October 1, 2003
White River National Wildlife Refuge offers one of the largest remaining bottomland hardwood forests in the Mississippi River Valley. With more than 160,000 acres, including 90 protected river miles and 300 lakes, it is home to the largest concentration of wintering mallard ducks in the Mississippi Flyway and is also designated as a Wetland of International Importance.
“If you live in Arkansas,
Tennessee or Mississippi, and haven’t visited White River National
Wildlife Refuge, this is your best chance,” said Larry Mallard,
Refuge Manager. “Every tradition starts somehow, and starting
the White River Wildlife Festival is the start of a great tradition
for the entire area.”
White River National Wildlife Refuge’s celebration is part of a year-long celebration of the 100th anniversary of America’s National Wildlife Refuge System. President Theodore Roosevelt established the Refuge System in 1903 at Pelican Island, Florida. Today, the Refuge System includes 542 national wildlife refuges and protects nearly 100 million acres of America’s best fish and wildlife habitat. President Franklin D. Roosevelt established White River National Wildlife Refuge in 1935. It is one of 10 national wildlife refuges in Arkansas.
Saturday, October 11, 2003
10 a.m. -- Centennial Celebration and Visitor Center Dedication Ceremony
Noon to 5:00 p.m. -- 1st Annual White River Wildlife Festival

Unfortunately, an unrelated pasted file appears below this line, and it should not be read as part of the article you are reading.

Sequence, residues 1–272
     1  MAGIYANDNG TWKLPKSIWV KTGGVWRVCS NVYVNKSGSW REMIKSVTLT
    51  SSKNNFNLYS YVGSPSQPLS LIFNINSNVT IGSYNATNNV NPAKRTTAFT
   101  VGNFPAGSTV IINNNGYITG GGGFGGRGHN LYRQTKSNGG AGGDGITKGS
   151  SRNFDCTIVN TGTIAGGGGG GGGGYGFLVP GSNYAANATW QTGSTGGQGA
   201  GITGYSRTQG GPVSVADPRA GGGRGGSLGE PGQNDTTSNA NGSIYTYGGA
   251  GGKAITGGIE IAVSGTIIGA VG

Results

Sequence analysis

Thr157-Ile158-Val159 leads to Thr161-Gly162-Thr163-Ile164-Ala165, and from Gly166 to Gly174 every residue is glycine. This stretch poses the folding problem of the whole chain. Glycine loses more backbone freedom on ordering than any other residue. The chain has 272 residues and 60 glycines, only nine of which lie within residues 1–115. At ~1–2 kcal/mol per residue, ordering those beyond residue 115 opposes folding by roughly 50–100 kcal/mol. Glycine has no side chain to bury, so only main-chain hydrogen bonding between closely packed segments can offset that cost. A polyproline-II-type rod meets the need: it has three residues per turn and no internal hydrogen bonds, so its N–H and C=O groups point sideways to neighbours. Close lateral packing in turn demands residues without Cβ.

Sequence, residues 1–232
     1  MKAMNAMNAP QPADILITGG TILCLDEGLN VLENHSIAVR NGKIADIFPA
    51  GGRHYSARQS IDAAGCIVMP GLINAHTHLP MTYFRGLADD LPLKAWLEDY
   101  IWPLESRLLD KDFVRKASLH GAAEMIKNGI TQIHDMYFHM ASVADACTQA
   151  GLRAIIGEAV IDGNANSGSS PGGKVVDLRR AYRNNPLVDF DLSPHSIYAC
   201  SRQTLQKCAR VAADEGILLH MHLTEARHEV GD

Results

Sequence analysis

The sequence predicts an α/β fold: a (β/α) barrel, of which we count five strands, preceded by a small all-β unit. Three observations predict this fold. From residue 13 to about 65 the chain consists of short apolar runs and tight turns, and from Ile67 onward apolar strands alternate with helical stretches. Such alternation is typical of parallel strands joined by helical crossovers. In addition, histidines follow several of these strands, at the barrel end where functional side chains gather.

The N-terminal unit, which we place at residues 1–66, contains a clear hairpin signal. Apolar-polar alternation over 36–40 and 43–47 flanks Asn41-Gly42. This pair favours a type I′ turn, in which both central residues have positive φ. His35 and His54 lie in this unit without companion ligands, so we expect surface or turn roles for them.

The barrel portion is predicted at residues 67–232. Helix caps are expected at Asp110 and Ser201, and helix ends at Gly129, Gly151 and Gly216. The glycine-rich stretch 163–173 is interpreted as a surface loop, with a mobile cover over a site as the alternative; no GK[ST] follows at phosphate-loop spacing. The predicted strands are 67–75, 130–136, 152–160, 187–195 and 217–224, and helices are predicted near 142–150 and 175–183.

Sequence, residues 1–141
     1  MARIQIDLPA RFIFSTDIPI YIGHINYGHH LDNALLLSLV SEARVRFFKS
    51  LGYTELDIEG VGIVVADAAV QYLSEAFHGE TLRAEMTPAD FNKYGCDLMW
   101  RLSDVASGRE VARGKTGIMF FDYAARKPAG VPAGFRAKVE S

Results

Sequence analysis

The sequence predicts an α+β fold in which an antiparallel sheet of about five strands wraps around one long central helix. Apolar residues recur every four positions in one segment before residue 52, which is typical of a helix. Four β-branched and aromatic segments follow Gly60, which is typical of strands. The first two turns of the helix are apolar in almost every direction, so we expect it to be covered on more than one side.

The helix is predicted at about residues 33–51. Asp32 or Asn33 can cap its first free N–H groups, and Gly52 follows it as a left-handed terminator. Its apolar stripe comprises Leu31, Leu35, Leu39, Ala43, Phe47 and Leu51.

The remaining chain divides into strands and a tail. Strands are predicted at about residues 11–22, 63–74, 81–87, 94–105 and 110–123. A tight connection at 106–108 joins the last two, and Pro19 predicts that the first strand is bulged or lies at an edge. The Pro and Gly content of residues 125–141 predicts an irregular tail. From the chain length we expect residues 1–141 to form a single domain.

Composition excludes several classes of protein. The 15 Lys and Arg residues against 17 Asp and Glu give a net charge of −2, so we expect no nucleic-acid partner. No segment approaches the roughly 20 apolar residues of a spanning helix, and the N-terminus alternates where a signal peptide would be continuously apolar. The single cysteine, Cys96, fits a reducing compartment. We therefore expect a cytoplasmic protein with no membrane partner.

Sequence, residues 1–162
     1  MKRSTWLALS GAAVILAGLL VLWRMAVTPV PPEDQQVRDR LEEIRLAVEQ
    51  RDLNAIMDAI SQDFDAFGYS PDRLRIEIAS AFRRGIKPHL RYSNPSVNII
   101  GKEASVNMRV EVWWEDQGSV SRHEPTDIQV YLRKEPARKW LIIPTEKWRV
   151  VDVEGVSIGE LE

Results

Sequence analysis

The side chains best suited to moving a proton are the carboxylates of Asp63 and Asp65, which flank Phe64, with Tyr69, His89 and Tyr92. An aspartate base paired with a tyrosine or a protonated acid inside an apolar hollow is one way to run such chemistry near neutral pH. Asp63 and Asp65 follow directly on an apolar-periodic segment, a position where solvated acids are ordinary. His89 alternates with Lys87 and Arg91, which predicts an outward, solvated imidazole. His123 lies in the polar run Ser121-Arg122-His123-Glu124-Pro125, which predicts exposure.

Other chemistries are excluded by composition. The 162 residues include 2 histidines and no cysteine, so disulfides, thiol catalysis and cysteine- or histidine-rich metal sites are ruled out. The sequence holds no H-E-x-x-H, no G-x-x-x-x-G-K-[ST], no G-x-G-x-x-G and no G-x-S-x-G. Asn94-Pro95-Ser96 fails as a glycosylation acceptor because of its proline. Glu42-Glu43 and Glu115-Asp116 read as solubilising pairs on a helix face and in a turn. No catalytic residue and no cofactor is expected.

Free parking and free activities!
For a detailed schedule of activities or more information about White River National Wildlife Refuge, visit http://whiteriver.fws.gov or call 870/946-1468.
The U.S. Fish and Wildlife
Service is the principal federal agency responsible for conserving,
protecting and enhancing fish, wildlife and plants and their habitats
for the continuing benefit of the American people. The Service manages
the 95-million-acre National Wildlife Refuge System which encompasses
more than 542 national wildlife refuges, thousands of small wetlands
and other special management areas. It also operates 66 national fish
hatcheries, 64 fishery resource offices and 78 ecological services field
stations. The agency enforces federal wildlife laws, administers the
Endangered Species Act, manages migratory bird populations, restores
nationally significant fisheries, conserves and restores wildlife habitat
such as wetlands, and helps foreign governments with their conservation
efforts. It also oversees the Federal Aid program that distributes hundreds
of millions of dollars in excise taxes on fishing and hunting equipment
to state fish and wildlife agencies.
NOTE: You can view our releases or subscribe to receive them -- via e-mail -- at the Service's Southeast Regional home page at http://southeast.fws.gov. Our national home page is at: http://news.fws.gov/newsreleases/.
Atlanta, GA 30345